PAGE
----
A grassroots 12-Step program for Spiritual Emergence has been developing over the last two years and is now ready to launch world-wide. In keeping with AA 12-Step ethics, it is based upon anonymity and no promotion—passed only by word of mouth. The purpose is to support spiritual emergence in individuals whose spiritual transformation is so powerful that they desire assistance and support from a group in integrating their experience.
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History of Spiritual Emergence Anonymous
Founder, Marie Grace B. in California, USA, conceived the idea of using the 12-steps to help people in spiritual crisis in 2016. She had been trying to find sanity and balance since an initial event that occurred in 1979 that had thrown her life out of balance. At the age of 25, following 6 months of rigorous meditation practice learned from a book, she experienced states of bliss and ecstasy alternating with fear, pain, spontaneous shaking and insomnia lasting over several years. She withdrew from society and spent the first 12 months alone in a mountain cabin attempting to integrate the profound spiritual and physiological changes occurring in her thinking, emotions and body. Spiritual awareness, paranormal powers, and sensitivities to subtle energies and environmental toxins made it impossible for her to function sanely within her previous world view. Every time she managed to piece her life back together, it disintegrated with another type of spiritual crisis.
A decade into her attempt to integrate her awkward and painful spiritual emergence, Marie Grace B. felt divinely called to attend a 12-Step group. She asked to join Alanon, and was initially turned down because she had no alcoholic in her life. She persisted, and was accepted into the group. After completing working the 12 Steps, she discontinued the group, but throughout the rest of her life while walking various religious paths and pursuing spiritual truths, she always felt that the most effective spiritual avenue she had ever encountered was the 12-Step program.
In July of 2016 she contacted her colleague, Katrina in New York, and asked her to form a group of 2 for the purpose of exploring an inspiration Marie Grace had of using the 12 Steps to integrate the changes from spiritual emergence. Katrina’s spiritual awakening had been much more subtle—more of a gradual ongoing spiritual emergence than emergency, yet also taxing her capacity to cope in “normal” life.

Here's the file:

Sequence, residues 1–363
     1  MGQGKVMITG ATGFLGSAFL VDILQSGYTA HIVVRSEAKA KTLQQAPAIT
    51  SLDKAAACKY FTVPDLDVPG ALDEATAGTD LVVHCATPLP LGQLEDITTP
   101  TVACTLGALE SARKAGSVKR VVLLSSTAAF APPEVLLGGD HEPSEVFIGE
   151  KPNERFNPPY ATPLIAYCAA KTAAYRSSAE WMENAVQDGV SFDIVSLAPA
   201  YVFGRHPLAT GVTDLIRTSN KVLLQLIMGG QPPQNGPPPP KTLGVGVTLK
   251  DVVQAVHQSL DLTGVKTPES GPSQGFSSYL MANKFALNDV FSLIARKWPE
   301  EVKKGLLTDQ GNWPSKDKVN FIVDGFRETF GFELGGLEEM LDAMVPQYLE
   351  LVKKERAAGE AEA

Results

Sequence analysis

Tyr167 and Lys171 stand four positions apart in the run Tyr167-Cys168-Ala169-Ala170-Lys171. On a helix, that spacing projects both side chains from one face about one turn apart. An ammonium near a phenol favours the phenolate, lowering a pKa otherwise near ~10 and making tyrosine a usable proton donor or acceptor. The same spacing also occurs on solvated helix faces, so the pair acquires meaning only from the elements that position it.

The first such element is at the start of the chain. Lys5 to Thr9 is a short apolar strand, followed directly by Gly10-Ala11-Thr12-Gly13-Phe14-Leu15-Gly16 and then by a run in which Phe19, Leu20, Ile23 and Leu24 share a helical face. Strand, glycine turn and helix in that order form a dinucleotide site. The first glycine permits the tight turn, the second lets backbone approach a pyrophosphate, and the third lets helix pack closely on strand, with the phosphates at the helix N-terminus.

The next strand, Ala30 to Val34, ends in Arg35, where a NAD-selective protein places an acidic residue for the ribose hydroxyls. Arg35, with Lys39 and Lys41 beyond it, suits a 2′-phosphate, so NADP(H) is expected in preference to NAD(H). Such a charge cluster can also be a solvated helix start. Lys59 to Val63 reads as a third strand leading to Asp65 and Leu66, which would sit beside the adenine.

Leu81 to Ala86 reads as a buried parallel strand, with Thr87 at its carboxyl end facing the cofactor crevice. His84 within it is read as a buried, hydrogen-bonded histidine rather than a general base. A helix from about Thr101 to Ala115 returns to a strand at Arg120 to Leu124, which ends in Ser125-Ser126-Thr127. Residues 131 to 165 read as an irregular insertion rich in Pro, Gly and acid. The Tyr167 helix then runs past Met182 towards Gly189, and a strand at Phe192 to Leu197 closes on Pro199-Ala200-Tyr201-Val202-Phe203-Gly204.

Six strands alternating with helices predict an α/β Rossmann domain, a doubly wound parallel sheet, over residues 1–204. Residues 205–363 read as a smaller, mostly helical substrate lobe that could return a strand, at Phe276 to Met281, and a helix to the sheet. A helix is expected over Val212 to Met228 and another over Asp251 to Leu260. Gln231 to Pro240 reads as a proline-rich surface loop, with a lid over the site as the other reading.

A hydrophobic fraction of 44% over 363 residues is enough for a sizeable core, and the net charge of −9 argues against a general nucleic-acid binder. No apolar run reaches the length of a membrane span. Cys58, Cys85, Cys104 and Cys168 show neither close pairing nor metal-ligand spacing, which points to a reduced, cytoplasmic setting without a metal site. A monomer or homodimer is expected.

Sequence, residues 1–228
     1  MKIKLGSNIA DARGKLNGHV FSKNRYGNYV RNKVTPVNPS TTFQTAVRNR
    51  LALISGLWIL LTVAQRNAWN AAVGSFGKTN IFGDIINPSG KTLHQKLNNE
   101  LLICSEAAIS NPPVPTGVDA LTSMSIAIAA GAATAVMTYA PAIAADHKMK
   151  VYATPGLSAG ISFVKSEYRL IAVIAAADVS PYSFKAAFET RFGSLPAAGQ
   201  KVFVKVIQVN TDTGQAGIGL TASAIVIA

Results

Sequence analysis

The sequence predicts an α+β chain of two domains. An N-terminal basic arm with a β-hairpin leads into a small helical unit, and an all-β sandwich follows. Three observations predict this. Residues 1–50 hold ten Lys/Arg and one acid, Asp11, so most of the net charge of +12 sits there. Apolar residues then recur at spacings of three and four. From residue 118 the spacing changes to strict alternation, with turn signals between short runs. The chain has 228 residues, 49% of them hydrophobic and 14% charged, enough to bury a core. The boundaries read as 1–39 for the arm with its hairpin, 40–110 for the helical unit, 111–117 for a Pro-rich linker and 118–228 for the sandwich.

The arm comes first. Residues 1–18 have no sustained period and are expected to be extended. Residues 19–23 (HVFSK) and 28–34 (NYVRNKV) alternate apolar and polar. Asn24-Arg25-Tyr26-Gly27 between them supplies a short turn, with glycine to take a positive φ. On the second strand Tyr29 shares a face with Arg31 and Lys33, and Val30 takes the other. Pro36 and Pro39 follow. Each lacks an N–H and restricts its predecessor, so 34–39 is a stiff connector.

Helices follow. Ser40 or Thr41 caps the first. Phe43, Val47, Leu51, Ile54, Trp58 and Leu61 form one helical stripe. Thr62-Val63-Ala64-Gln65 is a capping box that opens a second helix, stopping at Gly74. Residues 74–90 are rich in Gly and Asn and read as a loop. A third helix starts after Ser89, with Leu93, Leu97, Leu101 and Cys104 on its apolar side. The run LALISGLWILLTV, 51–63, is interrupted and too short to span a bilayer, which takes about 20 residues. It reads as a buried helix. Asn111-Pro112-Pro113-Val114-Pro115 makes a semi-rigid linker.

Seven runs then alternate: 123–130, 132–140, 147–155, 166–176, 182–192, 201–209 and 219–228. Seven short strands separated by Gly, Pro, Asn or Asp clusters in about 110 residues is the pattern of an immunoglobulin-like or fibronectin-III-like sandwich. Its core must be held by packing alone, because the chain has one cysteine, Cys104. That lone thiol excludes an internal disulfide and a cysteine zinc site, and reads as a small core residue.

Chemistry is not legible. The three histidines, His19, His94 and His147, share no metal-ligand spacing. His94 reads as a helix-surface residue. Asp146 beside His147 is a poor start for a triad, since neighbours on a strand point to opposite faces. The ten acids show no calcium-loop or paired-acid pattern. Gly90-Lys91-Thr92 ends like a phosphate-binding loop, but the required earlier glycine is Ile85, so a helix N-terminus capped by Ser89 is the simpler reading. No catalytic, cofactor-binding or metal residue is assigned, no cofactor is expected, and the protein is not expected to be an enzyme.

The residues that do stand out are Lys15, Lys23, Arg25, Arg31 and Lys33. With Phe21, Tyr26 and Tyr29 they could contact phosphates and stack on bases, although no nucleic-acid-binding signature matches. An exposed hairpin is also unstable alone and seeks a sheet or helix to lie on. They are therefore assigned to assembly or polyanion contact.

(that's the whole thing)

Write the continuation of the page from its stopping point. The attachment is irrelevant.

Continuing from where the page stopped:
During the subsequent 9 months the two of them worked the 12 Steps both in person on visits and over the phone when necessary, serving as each other’s sponsors. Together they adapted the 12-Steps for integration of spiritual transformation and gave it the name Spiritual Emergence Anonymous (SEA). Both of them concluded that working the 12 Steps for those 9 months was very valuable, and each saw undeniable changes in their own and in each other’s lives—levels of grounding, calmness, confidence, and capacity to function in the world—that they had not been able to achieve before in their attempts to integrate their spiritually transformative experiences.
In May of 2017 Marie Grace and Katrina interviewed six other people to create an SEA pilot 12-Step group. Three of those interviewed chose to stay with the process, committing to a year of weekly online video meetings and working the 12 Steps. These five people represented a good spectrum of nationalities, ages, genders, spiritual orientations, family roles, and types of spiritual emergence. Types of effects from spiritual emergence ranged from gradual to extreme, including family tensions, job loss, divorce, homelessness, health issues, prescription medications and residential mental health treatment. The new members were Teresa from Canada, Tee from New York City, and Kylie from Australia. This pilot group held regular online SEA meetings while working the 12 Steps with sponsors for 9 months.
In March of 2018 SEA opened its virtual doors to the global community of spiritual emergers with a website and two regular weekly online video meetings. The first Service Board consisted of Marie Grace, Teresa, Tee and Kylie, who began passing invitations via “word of mouth” online, and served as General Secretary, Treasurer, Webmaster and secretaries for the weekly meetings.